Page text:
I decided to search online for “John’s Other Wife,” and found this interesting blog post: September 14, 1936: Debut of John’s Other Wife. My father was 14 years old when this program debuted and he must have been in high school by then. Perhaps his mother was listening to it when he got home from school in the afternoon? I’m not sure he would have walked 3 miles home for lunch and then back to school again for a few hours. The memory of returning home for lunch from the one room schoolhouse must have mingled with the memory of returning home to find his mother completely absorbed in her soap opera, no doubt after a long day of hard work on the farm.

Then I found an episode online – “John’s Relapse” – it was only ten minutes long! Anyway, it was fun listening to the very program my grandmother listened to all those years ago.

Marconi Beach

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Marconi Beach ~ 10.11.15 ~ Wellfleet, Massachusetts

One of our favorite stops on Cape Cod is Marconi Beach in Wellfleet, part of Cape Cod National Seashore. The last time we were here was in May of 2009 and we were a little startled by how much of the sand scarp had eroded away since then. We knew the Cape had been hit hard by severe storms the past few winters but somehow we still weren’t prepared for how much of the bluff was now missing.

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Marconi Beach ~ 10.11.15 ~ Wellfleet, Massachusetts

The Marconi Area obtained its name from the famous Italian inventor, Marconi. From a site here, Marconi successfully completed the first transatlantic wireless communication between the U.S. and England in 1903.

Here, the outer beach is famous for its then steep, forty-foot sand cliff (or scarp) located behind it. Swimmers and beach walkers feel a sense of solitude here because the scarp and ocean provide an unbroken, pristine natural scene in all directions.

The uplands above the beach slope gradually westward, and provide a graceful vista of both the bay and sea horizons of this portion of the Cape. A platform above the Marconi station site enhances this view, and offers vistas southward to Eastham, and northward to Truro.

The Marconi operation at this location was initiated by the young inventor in 1901. However, in December of that year, due to a number of setbacks, he had to use temporary facilities on St. John’s, Newfoundland to prove his theory – wireless could cross the Atlantic! Meanwhile, a new station was built in Nova Scotia while repairs were being made to the Wellfleet station, and the first two-way, transatlantic wireless message was made at Glace Bay, Nova Scotia, on December 17, 1902. Not long after, the Wellfleet Station was ready, and on January 18, 1903, Marconi staged another world’s first (and a bit of a media event) by successfully transmitting messages between the president of the United States and the king of England. With rapid advances in technology, the station became outdated in a matter of a few years, and was replaced by a newer station in Chatham, Massachusetts.

~ Cape Cod National Seashore website

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looking out over the Atlantic Ocean ~ Marconi Beach ~ 10.11.15 ~ Wellfleet, Massachusetts

All of these pictures were taken from the top of the scarp. When I was a very little girl, my father and I were standing somewhere near here when he explained to me that if we sailed east all the way across this ocean from here we would end up in Spain. I remember being very impressed. 🙂 I think of that conversation every time I come here.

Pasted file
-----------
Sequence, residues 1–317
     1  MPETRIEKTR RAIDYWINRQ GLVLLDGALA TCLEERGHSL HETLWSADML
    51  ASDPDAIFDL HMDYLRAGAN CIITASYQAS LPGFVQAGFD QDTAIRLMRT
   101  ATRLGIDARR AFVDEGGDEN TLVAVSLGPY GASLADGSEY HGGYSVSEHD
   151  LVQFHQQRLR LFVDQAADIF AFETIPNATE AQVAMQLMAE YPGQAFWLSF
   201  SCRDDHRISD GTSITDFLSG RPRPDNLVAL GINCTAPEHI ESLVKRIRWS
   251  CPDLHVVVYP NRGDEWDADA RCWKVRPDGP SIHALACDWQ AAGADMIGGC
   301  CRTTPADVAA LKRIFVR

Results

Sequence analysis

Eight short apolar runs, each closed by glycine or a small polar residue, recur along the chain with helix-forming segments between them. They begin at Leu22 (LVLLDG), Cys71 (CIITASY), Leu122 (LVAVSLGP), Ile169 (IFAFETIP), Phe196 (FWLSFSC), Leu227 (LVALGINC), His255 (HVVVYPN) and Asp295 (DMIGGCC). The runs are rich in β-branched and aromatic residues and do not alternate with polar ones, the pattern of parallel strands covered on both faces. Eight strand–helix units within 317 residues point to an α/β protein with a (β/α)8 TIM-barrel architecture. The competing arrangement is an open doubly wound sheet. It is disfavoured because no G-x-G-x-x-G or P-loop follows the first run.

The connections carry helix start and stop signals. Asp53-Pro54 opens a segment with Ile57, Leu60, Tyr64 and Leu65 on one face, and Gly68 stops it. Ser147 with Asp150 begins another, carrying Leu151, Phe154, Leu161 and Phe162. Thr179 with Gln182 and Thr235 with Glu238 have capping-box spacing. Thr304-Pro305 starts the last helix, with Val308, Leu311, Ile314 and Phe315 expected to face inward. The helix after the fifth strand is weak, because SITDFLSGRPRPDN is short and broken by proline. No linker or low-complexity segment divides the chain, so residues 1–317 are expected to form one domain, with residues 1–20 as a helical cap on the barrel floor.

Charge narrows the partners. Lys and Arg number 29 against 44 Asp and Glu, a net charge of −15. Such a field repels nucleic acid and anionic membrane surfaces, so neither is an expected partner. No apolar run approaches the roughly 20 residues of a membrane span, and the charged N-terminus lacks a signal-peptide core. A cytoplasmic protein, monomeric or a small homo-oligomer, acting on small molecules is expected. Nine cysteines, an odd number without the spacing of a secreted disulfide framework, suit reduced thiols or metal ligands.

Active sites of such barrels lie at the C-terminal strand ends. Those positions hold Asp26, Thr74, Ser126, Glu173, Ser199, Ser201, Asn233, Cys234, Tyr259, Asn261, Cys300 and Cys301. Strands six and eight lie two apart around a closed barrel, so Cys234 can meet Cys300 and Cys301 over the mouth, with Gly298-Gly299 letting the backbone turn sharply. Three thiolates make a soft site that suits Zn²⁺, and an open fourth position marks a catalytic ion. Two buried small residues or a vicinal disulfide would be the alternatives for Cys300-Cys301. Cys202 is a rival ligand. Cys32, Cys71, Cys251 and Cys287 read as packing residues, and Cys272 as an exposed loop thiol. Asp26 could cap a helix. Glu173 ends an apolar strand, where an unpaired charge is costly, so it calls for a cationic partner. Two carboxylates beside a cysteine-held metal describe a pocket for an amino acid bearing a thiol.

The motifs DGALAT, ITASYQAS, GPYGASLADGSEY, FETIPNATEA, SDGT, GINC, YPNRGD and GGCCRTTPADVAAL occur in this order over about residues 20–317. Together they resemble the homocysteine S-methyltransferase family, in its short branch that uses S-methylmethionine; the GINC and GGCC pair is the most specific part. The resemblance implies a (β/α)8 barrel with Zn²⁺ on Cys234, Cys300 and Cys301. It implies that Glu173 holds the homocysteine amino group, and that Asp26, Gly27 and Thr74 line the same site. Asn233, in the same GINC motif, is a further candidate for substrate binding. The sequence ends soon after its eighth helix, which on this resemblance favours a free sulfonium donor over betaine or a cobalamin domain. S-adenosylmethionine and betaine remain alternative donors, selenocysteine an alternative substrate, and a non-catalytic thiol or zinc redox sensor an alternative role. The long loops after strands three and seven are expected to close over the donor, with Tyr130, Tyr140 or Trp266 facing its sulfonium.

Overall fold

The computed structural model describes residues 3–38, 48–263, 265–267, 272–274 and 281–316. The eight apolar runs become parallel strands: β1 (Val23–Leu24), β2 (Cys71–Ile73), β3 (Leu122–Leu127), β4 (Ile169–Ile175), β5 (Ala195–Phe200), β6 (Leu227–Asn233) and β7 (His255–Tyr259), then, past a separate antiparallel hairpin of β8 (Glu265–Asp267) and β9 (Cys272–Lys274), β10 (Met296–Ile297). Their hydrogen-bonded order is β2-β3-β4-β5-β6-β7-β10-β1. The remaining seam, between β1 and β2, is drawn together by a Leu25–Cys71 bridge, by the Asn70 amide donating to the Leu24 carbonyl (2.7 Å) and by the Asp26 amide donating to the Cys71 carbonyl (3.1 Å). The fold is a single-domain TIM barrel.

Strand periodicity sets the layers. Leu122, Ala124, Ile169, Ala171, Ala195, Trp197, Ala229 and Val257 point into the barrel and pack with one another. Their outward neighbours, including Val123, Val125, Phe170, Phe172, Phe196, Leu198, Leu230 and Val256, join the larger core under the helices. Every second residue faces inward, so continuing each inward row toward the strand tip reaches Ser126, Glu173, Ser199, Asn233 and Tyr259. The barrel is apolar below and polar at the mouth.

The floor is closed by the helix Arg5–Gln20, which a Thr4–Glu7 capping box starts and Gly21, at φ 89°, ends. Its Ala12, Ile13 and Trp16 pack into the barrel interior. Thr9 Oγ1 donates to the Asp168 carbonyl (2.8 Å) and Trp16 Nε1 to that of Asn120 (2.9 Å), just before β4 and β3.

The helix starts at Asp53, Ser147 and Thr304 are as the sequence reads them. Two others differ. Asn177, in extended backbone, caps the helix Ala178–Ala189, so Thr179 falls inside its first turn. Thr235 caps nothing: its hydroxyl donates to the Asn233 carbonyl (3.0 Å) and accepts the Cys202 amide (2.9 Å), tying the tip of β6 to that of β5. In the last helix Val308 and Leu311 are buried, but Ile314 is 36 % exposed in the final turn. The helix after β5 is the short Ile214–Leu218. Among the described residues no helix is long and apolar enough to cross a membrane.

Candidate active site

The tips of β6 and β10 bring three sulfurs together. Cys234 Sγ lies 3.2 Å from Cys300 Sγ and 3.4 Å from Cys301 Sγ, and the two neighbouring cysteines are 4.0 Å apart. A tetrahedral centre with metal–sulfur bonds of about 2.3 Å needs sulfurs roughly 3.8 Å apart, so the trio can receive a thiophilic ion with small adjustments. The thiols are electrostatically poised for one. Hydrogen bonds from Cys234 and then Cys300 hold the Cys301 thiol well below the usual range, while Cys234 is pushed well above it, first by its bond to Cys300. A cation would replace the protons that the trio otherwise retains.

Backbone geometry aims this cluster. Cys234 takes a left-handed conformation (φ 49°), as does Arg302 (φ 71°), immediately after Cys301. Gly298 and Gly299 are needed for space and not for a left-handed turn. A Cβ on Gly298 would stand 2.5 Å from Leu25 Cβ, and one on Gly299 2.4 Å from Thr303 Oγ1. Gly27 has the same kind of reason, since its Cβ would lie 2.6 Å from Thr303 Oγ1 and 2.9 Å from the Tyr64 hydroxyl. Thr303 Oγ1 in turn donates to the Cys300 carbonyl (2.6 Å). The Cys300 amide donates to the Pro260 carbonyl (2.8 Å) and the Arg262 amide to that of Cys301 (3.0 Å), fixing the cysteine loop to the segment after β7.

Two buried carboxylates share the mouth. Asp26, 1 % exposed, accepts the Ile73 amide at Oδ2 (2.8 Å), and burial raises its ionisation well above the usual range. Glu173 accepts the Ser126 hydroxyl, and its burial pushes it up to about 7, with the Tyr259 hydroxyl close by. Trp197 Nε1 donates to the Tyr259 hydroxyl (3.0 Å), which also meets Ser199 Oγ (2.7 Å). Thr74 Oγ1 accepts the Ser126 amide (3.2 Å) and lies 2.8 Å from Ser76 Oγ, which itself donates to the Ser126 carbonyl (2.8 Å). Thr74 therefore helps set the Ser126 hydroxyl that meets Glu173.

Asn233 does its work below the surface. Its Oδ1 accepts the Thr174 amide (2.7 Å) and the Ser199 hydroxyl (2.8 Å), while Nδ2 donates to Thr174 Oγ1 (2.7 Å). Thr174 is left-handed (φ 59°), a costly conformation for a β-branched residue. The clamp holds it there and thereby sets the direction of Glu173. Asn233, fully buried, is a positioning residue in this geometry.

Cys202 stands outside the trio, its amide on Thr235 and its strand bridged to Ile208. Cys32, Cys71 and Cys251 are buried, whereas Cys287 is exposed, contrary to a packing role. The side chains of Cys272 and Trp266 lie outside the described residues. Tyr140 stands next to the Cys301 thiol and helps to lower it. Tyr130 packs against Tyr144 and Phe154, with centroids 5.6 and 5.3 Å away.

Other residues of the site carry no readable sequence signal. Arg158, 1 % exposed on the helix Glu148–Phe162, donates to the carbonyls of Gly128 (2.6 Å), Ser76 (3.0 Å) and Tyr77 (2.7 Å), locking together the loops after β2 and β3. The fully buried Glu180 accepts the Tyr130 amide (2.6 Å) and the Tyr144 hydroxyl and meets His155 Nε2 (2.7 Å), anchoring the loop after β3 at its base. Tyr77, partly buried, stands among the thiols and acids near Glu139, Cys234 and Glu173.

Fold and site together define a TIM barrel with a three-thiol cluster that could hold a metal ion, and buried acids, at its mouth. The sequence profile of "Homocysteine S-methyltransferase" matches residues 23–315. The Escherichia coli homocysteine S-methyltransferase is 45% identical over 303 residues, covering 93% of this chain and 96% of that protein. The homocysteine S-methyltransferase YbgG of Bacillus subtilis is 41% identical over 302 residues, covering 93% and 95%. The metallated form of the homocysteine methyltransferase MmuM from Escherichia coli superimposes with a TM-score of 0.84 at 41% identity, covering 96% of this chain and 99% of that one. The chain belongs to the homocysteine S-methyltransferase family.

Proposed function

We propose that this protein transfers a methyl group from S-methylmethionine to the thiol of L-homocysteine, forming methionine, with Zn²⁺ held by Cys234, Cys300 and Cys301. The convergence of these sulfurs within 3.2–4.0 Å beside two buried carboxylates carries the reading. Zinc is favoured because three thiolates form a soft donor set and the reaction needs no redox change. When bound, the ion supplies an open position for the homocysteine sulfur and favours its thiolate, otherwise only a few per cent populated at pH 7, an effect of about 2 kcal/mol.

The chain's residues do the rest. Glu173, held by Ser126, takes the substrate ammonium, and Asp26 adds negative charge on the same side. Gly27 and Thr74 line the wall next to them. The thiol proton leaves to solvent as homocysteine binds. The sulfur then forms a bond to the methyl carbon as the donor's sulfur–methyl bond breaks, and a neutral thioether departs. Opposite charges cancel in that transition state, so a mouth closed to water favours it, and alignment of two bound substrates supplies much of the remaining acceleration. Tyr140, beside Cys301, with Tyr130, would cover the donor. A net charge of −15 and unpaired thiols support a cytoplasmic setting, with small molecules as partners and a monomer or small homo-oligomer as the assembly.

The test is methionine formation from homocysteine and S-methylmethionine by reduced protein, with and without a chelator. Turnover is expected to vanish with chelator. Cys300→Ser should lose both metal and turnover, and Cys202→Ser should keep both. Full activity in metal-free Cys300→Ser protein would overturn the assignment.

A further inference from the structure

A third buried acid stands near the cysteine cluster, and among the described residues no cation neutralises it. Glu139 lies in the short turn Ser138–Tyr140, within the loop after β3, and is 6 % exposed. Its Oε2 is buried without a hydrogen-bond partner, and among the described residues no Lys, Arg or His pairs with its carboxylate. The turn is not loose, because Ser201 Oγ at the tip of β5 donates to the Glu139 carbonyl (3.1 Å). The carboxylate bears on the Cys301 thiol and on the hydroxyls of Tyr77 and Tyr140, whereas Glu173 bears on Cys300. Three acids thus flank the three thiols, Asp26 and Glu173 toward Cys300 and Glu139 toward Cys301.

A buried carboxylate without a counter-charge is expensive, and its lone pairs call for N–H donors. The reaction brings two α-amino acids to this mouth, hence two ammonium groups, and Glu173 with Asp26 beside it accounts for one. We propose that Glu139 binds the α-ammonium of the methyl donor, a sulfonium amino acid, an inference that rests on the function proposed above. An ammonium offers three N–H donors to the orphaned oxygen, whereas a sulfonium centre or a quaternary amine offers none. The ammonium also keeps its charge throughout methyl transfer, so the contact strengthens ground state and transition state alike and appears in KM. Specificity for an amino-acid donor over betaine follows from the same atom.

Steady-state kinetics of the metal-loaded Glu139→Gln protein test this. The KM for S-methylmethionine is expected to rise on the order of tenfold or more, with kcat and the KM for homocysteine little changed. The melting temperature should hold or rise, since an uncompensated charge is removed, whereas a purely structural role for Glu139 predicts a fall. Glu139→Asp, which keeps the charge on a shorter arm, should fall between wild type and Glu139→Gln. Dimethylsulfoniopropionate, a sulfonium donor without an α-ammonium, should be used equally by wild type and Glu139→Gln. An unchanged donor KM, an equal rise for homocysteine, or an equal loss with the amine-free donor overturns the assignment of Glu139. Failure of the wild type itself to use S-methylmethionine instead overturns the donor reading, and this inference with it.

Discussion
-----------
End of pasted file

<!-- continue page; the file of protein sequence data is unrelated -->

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peering over the scarp, but not standing too close ~ Marconi Beach ~ 10.11.15 ~ Wellfleet, Massachusetts

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looking down (40′ or 12m) at the beach, at a spot where we were allowed to stand a bit closer ~ Marconi Beach ~ 10.11.15 ~ Wellfleet, Massachusetts

Notice some metal debris, part of the viewing platform now missing, in the picture above. And below, notice the asphalt walkway, abruptly ending at the new edge of the scarp.

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abandoned path ~ Marconi Beach ~ 10.11.15 ~ Wellfleet, Massachusetts

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part of a missing structure ~ Marconi Beach ~ 10.11.15 ~ Wellfleet, Massachusetts

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looking north towards Truro ~ Marconi Beach ~ 10.11.15 ~ Wellfleet, Massachusetts

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new railings along the scarp over the ever changing Marconi Beach ~ 10.11.15 ~ Wellfleet, Massachusetts

It seems no matter how solidly we humans think we may build, no matter how strong the foundation, nature will eventually reclaim what we leave behind. Everything is flowing. Nothing is permanent. Somehow we know this and yet, when the ocean delivers this message so dramatically and suddenly in our own observing lifetimes, it comes as a sharp reminder, not always easy to receive.

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perhaps this sign might need an update? ~ Marconi Beach ~ 10.11.15 ~ Wellfleet, Massachusetts

one year old

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9.17.15 ~ Katie with Grammy’s mishas

Thinking of my sweet little one-year-old granddaughter today. Even though she lives so far away in North Carolina I have had the joy of seeing her many times this year, the last time only eight days ago when I took these pictures. She’s a very curious and busy little girl!

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9.17.15 ~ Katie

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“Do you know what this toy is, Grammy?” ~ 9.17.15 ~ Katie

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giving it some thoughtful consideration ~ 9.17.15 ~ Katie

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a tender moment ~ 9.17.15 ~ Katie

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practicing standing while playing with newspaper ~ 9.17.15 ~ Katie

Happy Birthday, Katie!